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Palestinian leaders OK’d limited return of refugees
Al Jazeera reports leaked papers
In December, Saeb Erekat — chief negotiator for the Palestine Liberation Organization (PLO) — wrote an op-ed in the Guardian saying there could be no compromise over the "right of return," the PLO's longtime demand that the millions of Palestinians displaced in Israel's 1948 War of Independence and their descendants be allowed to move back to their homes in Israel.
But according to the the Palestine Papers, a cache of 1,676 leaked documents from the PLO's Negotiatons Support Unit being made public by Al Jazeera this week, Mr. Erekat and other Palestinian leaders already had effectively agreed to relinquish that right in the context of a final-status peace agreement with Israel.
"Palestinians will need to know that 5 million refugees will not go back," Mr. Erekat said, according to minutes of an October 2009 meeting with U.S. diplomats. "The number will be agreed as one of the options."
In January 2010, according to minutes of a meeting with a U.S. official, Mr. Erekat elaborated, saying the Palestinian negotiating team had put in writing its acceptance that only a "symbolic number of refugees return."
Other documents indicate that for the vast majority of refugees, Palestinian negotiators were prepared to accept a mechanism that involved reparations, absorption in a Palestinian state, and normalization within third-party countries.
While the "symbolic number" Mr. Erekat referenced remains elusive, it appears that the gaps between the Israeli and Palestinian negotiating teams on the question were smaller than previously thought — or at least smaller than on other core issues.
"I read your side-by-side matrix," then-Secretary of State Condolezza Rice said of a PLO document outlining the two parties' negotiating positions, according to minutes of a July 2008 meeting with PLO officials. "It seems that the closest is on refugees, although it requires some decisions."
In a leaked e-mail, a legal adviser to Palestinian negotiators on refugees wrote, "President [Mahmoud] Abbas offered an extremely low proposal for the number of returnees to Israel a few weeks only after the start of the process."
According to the Palestine Papers, former Israeli Prime Minister Ehud Olmert offered in 2008 to absorb 5,000 Palestinian refugees over the course of five years — less than the tens of thousands Israeli negotiators reportedly agreed to during the July 2000 Camp David, Md., summit and January 2001 talks in Taba, Egypt.
Mr. Abbas called the Olmert proposal "unacceptable," according to minutes of an internal Palestinian March 2008 meeting, but also said that "it is illogical to ask Israel to take 5 million, or even 1 million — that would mean the end of Israel."
The refugee issue has long bedeviled Israeli-Palestinian negotiations. While previous Israeli governments, like Mr. Olmert's, have demonstrated flexibility on many Palestinian demands — such as a state based on the 1967 lines and a capital in East Jerusalem — there remains an overwhelming consensus in Israel against any mass return of refugees because it would endanger the country's Jewish majority, as well as a widespread skepticism that the Palestinians would settle for anything less.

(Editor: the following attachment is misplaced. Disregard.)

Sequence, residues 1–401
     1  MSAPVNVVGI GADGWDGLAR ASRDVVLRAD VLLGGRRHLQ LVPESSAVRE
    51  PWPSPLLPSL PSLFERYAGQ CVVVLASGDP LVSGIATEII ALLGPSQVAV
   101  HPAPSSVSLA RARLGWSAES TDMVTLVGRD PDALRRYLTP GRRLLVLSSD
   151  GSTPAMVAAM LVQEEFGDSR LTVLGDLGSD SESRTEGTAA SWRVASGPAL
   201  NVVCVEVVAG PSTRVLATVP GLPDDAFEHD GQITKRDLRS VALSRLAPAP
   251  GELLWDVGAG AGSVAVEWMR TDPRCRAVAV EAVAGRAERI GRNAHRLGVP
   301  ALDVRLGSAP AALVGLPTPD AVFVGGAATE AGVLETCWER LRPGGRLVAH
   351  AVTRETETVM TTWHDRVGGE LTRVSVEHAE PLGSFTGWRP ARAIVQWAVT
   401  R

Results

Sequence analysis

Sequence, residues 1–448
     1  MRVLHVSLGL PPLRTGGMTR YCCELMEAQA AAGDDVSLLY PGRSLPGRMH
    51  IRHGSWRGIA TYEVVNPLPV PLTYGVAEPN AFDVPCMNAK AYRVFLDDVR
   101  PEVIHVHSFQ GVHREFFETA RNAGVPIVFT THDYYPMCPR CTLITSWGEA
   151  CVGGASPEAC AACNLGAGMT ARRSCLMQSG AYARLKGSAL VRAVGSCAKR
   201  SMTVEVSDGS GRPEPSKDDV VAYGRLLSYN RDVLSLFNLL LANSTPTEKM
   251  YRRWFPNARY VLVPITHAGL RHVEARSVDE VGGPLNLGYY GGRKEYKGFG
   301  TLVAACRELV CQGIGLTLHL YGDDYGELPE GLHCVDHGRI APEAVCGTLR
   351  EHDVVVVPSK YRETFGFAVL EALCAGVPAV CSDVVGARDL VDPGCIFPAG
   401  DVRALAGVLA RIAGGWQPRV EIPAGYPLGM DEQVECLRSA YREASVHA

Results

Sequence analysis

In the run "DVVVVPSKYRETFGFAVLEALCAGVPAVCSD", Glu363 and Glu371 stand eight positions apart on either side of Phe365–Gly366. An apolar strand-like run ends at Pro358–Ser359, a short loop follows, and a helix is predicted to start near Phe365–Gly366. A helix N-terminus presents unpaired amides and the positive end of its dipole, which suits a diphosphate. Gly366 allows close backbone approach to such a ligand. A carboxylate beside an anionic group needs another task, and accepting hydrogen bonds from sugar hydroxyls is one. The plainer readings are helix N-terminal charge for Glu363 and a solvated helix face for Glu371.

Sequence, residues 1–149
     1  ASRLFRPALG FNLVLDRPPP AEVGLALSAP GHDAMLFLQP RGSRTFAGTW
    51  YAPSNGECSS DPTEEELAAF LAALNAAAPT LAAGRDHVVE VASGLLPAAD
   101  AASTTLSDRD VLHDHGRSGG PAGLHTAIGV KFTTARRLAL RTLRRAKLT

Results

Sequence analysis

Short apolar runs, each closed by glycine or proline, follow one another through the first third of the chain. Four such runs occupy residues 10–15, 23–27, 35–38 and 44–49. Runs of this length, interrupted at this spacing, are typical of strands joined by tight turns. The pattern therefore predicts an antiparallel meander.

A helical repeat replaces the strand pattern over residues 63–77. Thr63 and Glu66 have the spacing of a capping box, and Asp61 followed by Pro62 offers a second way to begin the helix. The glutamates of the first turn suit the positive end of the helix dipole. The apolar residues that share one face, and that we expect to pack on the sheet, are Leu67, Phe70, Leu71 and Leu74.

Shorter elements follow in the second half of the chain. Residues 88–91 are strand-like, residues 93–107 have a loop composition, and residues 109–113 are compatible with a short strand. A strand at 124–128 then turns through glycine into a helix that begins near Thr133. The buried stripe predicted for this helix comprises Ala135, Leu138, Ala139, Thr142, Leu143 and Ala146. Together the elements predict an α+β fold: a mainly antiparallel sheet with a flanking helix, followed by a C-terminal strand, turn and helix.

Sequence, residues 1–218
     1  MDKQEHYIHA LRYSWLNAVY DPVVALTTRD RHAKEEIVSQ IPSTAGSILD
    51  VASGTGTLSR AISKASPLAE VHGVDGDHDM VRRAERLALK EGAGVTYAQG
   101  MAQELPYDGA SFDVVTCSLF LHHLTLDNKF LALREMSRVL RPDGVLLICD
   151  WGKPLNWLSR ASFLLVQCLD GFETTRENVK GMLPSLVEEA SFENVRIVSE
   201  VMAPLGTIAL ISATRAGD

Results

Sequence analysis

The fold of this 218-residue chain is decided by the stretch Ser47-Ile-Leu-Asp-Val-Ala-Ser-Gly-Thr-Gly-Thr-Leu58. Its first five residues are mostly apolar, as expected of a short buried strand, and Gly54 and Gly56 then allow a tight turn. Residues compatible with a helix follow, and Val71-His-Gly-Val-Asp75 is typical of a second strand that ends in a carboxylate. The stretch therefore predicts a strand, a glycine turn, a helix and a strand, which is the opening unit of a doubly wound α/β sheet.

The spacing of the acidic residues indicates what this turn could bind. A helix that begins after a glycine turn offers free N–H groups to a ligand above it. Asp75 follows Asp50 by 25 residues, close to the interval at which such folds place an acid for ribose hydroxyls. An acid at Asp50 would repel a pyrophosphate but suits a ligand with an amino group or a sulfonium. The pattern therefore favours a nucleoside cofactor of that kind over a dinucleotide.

Israeli Vice Prime Minister Silvan Shalom, the country's former foreign minister, told The Washington Times in a recent interview that one reason he believed the Palestinians have been avoiding face-to-face talks with Israel was that "in a direct dialogue, they will lose the support of the international community because they will insist on what they call the 'right of return' and all the world will be against it."
Mr. Shalom said: "President Clinton once told me that he told Arafat in Camp David in 2000, 'You would like to have a Palestinian state — that's fine, many will support you. You would like to have all the Palestinian people come to live within the Palestinian state — that's fine, many will support you. But when you ask that your own people that already live in your future state — [to] move to [Israel], that seems illogical. [Unless] you have other intentions.'"
While Palestinian leaders have publicly declared their willingness to meet many Israeli demands — such as that their future state be demilitarized and that its borders be drawn to let Israel annex certain West Bank settlements — compromise over the right of return, as Mr. Erekat acknowledged, remains taboo among Palestinians, particularly in the squalid camps across the Middle East where refugees and their descendants have languished for decades.
And according to Mr. Erekat, the popular referendum Palestinian leaders have long promised on a peace deal would exclude refugees residing outside the West Bank and Gaza.
"I never said the diaspora will vote," he said, according to minutes of a March 2007 meeting with the Belgian foreign minister. "It's not going to happen. The referendum will be for Palestinians in Gaza, the West Bank and East Jerusalem. Can't do it in Lebanon. Can't do it in Jordan."
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About the Author
Ben Birnbaum is a reporter covering foreign affairs for The Washington Times. Prior to joining The Times, Birnbaum worked as a reporter-researcher at the New Republic. A Boston-area native, he graduated magna cum laude from Cornell University with a degree in government and psychology. He won multiple collegiate journalism awards for his articles and columns in the Cornell Daily Sun.
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